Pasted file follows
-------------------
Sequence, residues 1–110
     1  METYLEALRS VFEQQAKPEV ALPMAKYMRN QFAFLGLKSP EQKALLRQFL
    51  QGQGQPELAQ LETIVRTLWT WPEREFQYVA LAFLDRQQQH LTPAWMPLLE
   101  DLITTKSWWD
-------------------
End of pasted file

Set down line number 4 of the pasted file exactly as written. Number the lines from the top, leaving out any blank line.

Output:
   101  DLITTKSWWD